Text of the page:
Marriage Bill May Change Stigma for Illegitimate Children in Uganda


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KAMPALA, UGANDA – Samalie Namuyomba, 15, is in her third year at Mengo Senior Secondary School in Kampala, Uganda’s capital.

Despite the fact that she is an educated young woman, she says that people identify her most with another label: an illegitimate child.

“One day, my stepdad had a quarrel with my mother, and I overheard him refer to me as a bastard,” she says, adding that her mother gave birth to her outside of wedlock.

“When my Mammy got married, she already had me,” she says. “So when she gave birth to other children with my Dad, I was not accepted.”

She says she suffered rejection both at home and at school because of the stigma attached to being “illegitimate” in Ugandan society.

“This rejection was both at home and at school, such that teachers together with other kids hated me,” she says.

She says she felt pressure to try to impress others so that her peers would accept her as legitimate.

“As a child, I often did many things to please my so-called friends, but it was in vain,” she says.

Samalie says she developed an inferiority complex from the constant criticism of herself and her mother by their relatives and stepfamily. She says this also affected her performance in school.

“I was ever the last in class, and this led to criticisms and derisions,” she says. “Some relatives said I was stupid like my mother. My stepbrother and sisters would throw all sorts of words at me trying to predict my future.” 

Samalie is one of many children who have been stigmatized as illegitimate because they were born to unmarried parents.

Illegitimacy is a delicate subject in Uganda, where many believe children are illegitimate if they are born to unmarried parents. Noting the detrimental effects of the stigma attached to illegitimacy here on children, guardians and psychologists say that love and stability is more important to a child’s well-being than parents’ marital status. Attitudes toward illegitimacy have been slowly changing with time as local nongovernmental organizations seek to provide additional support to vulnerable children.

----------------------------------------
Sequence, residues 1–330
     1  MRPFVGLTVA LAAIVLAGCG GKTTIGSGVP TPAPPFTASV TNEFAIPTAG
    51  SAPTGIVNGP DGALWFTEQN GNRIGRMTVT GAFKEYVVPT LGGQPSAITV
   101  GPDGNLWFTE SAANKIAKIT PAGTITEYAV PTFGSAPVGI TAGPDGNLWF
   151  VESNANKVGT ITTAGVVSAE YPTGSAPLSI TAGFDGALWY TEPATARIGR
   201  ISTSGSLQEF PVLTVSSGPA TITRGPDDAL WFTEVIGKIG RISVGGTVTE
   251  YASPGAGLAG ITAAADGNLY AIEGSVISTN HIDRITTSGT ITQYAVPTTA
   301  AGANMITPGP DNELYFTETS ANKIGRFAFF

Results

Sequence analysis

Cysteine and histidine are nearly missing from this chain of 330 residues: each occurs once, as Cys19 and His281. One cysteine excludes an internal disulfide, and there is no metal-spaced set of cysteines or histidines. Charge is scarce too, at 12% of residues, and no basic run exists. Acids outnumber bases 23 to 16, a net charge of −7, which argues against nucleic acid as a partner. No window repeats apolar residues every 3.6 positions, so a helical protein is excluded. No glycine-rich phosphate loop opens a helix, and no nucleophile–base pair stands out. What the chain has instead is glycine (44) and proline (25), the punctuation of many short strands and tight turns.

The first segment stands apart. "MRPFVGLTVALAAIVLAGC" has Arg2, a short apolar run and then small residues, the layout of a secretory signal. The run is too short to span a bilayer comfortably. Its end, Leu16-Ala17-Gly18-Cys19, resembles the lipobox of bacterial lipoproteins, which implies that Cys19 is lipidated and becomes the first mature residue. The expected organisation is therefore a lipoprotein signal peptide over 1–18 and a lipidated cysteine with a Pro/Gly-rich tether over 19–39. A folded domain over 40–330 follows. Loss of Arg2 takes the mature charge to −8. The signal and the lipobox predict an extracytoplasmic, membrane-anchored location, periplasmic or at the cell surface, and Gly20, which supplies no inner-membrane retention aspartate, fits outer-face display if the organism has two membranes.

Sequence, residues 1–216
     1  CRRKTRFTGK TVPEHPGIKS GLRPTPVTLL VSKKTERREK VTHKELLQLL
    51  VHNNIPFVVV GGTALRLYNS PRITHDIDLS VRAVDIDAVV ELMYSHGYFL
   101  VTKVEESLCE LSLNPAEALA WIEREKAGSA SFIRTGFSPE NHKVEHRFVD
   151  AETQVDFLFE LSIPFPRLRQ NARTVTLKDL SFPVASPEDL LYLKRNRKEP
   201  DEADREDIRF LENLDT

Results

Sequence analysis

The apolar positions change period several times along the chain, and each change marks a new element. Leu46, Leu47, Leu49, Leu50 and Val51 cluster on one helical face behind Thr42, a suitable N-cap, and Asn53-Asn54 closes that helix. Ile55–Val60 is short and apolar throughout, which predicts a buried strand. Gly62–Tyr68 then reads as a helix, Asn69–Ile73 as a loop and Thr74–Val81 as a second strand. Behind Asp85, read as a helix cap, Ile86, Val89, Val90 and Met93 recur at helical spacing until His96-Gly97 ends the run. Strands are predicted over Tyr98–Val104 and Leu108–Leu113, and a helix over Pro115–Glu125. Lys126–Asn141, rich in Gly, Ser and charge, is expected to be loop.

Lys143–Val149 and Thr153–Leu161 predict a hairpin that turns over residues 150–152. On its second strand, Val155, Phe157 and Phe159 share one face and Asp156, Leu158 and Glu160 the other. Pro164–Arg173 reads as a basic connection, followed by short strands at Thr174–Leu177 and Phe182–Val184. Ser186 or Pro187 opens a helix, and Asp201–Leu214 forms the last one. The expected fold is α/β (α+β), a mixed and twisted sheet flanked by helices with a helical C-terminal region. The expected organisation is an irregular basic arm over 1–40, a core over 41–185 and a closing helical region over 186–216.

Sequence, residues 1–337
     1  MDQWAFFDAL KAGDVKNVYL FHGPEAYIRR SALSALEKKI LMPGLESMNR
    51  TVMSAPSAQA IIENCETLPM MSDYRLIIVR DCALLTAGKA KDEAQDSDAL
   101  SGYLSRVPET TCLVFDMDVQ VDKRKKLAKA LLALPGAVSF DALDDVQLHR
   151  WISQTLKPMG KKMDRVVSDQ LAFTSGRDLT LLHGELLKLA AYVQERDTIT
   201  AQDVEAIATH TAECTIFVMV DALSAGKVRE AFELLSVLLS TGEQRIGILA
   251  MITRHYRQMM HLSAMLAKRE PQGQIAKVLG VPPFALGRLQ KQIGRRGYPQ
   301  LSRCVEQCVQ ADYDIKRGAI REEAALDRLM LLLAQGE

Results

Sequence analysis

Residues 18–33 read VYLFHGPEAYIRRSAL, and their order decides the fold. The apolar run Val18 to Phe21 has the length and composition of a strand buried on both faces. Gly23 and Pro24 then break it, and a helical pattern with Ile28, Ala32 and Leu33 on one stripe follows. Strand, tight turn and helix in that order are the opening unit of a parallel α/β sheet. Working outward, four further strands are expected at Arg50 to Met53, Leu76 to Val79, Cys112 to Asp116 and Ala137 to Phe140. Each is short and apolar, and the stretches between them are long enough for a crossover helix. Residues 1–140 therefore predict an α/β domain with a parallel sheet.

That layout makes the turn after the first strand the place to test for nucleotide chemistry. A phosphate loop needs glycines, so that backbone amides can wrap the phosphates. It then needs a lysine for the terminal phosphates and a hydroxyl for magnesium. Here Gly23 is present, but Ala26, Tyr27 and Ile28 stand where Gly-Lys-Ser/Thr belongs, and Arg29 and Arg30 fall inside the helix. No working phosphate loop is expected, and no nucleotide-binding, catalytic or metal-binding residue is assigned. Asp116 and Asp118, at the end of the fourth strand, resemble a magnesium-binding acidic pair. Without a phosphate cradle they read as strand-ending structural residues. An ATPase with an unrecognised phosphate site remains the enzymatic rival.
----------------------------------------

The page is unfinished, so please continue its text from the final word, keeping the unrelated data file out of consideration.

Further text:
In Uganda, marriage laws within the country govern the legitimacy or illegitimacy of a child in the eyes of some. The Uganda Marriage and Divorce Bill 2009, which aims to reform and consolidate laws on marriage, separation and divorce, is on Parliament’s agenda this month. The controversial bill may alter the contours of illegitimacy, as it would legally recognize cohabitation in relation to property rights after a five-year period, regardless of formal religious ceremonies.  

Chris Onyango, 69, a church elder at Christ Centre Church in Kampala, says that no human being should be described as illegitimate.

“There is no child who is illegitimate,” he says. “Why should a child be illegitimate?”

Even when children are born under circumstances like rape, they are legitimate and deserve care, he says.